The typical manifestations of asthma include any combination of cough, wheeze, chest tightness, or shortness of breath that varies over time and in intensity, and improves with bronchodilators. Because of the variable nature of bronchospasm, individuals with asthma can lack airflow obstruction and be asymptomatic (including cough-free) when evaluated in a care provider’s office. A thorough history, however, should reveal fluctuating symptoms that result from usual triggers. These triggers commonly include upper respiratory tract infections, exercise, environmental allergens (including dust mites, seasonal pollens, animal dander, cockroaches, mice, molds, and work-related allergic exposures), strong emotions, cold air, cigarette smoke, and strong odors or fumes. A small percentage of adults with asthma will develop asthmatic symptoms after ingestion of aspirin or any nonsteroidal anti-inflammatory drug. They often have associated nasal symptoms and/or nasal polyps, leading to the encompassing descriptor, aspirin-exacerbated respiratory disease.
While many patients present with the classic combination of triggered cough, wheeze, chest tightness, and shortness of breath, there exists a subgroup of previously mentioned individuals with asthma who have cough-variant (or cough-predominant) asthma. These individuals frequently lack wheeze, chest tightness, and dyspnea but have heightened cough reflex sensitivity with dry or minimally productive cough. Longitudinal studies suggest that nearly 33% of patients with cough-variant asthma will develop the classical symptom of asthmatic wheeze over time.15, 16
The diagnosis of asthma is made by clinical history consistent with asthma, exclusion of alternate diagnoses, demonstration of variable airflow obstruction on spirometry, and resolution of symptoms with antiasthmatic therapy. Episodic cough, wheeze, and shortness of breath can be caused by many diseases, so it is critical to disentangle asthma signs and symptoms from those of mimicking and comorbid disorders, from the common (such as recurrent chest infections, gastroesophageal reflux, chronic rhinosinusitis, and seasonal allergies) to the uncommon (such as paradoxical vocal fold motion disorder, eosinophilic granulomatosis with polyangiitis, acute or chronic eosinophilic pneumonia, allergic bronchopulmonary aspergillosis, hypersensitivity pneumonitis, and infections with associated eosinophilia, like strongyloidiasis and filariasis). This section will focus on the diagnostic modalities used to distinguish asthma from other disorders.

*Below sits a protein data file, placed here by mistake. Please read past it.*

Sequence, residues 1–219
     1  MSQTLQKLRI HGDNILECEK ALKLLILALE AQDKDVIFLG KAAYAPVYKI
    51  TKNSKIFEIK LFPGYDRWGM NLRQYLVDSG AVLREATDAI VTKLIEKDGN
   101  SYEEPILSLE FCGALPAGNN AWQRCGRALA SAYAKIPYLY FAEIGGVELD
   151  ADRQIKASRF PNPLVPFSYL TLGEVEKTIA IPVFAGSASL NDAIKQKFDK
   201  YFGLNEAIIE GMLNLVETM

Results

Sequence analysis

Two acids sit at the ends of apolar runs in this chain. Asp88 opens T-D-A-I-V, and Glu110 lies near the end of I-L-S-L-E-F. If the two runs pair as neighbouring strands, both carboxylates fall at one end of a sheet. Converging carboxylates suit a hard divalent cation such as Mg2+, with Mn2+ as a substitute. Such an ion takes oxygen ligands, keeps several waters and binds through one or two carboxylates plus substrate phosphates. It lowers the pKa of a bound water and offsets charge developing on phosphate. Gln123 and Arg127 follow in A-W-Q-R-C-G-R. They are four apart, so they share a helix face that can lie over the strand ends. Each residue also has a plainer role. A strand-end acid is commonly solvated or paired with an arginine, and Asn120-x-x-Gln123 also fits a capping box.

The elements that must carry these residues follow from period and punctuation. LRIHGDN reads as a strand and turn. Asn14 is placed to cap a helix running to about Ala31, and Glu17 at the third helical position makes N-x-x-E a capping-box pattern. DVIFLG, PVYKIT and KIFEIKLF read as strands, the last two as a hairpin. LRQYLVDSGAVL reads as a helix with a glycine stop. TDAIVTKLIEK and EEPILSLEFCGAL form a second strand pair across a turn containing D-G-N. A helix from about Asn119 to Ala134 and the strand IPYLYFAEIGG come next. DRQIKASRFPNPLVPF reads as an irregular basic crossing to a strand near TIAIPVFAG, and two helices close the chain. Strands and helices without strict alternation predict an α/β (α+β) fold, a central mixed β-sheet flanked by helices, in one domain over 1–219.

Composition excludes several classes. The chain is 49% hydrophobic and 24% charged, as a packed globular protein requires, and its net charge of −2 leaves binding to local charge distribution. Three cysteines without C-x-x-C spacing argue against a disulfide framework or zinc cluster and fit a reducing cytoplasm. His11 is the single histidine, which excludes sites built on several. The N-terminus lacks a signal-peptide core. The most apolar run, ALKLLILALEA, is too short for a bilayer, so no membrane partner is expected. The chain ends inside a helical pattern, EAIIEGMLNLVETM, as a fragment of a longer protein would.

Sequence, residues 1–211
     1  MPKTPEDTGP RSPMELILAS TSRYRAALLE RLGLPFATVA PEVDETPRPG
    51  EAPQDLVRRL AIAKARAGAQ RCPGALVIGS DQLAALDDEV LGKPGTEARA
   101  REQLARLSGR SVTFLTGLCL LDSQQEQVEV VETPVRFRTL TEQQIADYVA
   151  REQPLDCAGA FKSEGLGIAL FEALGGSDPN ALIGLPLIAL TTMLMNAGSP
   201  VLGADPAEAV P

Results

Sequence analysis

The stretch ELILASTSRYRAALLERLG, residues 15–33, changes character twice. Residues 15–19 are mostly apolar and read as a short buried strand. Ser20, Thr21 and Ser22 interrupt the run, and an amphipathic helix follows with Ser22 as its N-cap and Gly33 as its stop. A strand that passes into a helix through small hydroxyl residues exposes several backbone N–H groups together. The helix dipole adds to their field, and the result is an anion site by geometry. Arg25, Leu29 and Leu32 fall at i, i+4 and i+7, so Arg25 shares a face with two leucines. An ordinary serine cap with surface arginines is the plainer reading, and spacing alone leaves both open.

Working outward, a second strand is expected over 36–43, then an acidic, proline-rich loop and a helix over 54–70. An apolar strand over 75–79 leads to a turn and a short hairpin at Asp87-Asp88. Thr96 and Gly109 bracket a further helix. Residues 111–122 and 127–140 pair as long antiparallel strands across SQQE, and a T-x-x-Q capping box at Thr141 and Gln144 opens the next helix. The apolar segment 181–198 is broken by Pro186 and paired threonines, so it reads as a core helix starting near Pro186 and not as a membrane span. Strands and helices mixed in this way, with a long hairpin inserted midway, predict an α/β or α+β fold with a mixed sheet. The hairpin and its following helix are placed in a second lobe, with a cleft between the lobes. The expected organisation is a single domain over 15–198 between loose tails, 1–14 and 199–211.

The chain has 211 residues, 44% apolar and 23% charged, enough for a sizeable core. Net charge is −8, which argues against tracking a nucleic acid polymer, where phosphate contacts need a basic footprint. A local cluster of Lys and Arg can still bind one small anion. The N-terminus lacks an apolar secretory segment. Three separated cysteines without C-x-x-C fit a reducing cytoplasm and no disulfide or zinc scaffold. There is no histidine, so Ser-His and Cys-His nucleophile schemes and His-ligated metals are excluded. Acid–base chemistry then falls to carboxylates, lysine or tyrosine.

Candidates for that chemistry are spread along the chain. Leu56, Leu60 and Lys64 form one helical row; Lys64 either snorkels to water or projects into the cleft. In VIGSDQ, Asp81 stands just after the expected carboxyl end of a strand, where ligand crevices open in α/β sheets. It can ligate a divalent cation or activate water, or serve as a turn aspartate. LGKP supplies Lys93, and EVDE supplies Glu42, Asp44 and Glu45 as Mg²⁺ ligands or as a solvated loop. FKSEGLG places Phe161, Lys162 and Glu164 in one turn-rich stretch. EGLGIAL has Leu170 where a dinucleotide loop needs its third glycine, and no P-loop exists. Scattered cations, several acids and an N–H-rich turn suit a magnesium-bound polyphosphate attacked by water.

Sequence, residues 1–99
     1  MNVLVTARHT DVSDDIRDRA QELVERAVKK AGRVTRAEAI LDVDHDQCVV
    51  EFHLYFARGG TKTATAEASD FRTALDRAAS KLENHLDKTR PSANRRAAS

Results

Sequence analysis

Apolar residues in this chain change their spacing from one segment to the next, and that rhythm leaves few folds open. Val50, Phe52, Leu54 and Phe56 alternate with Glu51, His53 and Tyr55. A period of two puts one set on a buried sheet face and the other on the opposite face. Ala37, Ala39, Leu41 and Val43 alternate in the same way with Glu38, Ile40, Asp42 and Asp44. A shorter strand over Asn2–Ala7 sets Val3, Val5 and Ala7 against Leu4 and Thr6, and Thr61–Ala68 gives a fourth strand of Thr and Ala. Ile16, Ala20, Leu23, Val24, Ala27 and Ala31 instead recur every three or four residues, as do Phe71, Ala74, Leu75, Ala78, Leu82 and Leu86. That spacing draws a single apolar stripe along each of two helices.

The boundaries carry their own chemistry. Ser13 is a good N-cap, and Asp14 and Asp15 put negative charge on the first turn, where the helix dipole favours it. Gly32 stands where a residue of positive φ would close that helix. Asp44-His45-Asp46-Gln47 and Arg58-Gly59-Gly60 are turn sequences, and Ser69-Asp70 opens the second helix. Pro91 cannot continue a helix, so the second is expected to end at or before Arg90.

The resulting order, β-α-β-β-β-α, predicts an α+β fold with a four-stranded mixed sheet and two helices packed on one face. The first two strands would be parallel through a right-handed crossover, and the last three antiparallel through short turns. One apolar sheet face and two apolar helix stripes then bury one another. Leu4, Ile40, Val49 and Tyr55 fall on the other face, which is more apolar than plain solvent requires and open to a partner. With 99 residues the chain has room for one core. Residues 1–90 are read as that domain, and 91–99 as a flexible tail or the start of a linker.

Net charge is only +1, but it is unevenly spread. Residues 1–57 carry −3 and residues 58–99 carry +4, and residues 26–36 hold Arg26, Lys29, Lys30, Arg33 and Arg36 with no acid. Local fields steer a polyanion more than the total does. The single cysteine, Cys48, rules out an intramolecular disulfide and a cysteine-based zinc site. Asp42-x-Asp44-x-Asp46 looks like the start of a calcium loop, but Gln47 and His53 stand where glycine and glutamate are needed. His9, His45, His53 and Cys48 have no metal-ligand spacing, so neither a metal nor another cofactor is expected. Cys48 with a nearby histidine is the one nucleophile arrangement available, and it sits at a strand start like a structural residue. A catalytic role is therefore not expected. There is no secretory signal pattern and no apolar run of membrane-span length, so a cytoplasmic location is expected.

Spirometry is the most widely used pulmonary function test that enables the clinician to evaluate for obstructive lung disease. Patients are coached to inhale maximally and then quickly and forcefully exhale their complete breath into a spirometer. The spirometer measures the forced expiratory volume in the first second (FEV1) and total forced expired volume, or forced vital capacity (FVC). These values are used to calculate an FEV1/FVC ratio. Airflow obstruction has generally been defined as an FEV1/FVC ratio less than 0.7. More accurately (because it takes into account changes in FEV1/FVC with age), airflow obstruction is defined as a value less than the lower limit of normal, the fifth percentile of the spirometer’s electronically computed 95% confidence intervals. If airflow obstruction is present, the severity of obstruction is then determined by the percent predicted reduction in FEV1. For example, if the FEV1 is 3 L (75% of predicted) and the FVC is 5 L (95% of predicted), the FEV1/FVC ratio of 0.6 demonstrates the presence of airflow obstruction and the FEV1 at 75% of predicted is used to describe the severity of airflow obstruction as mild.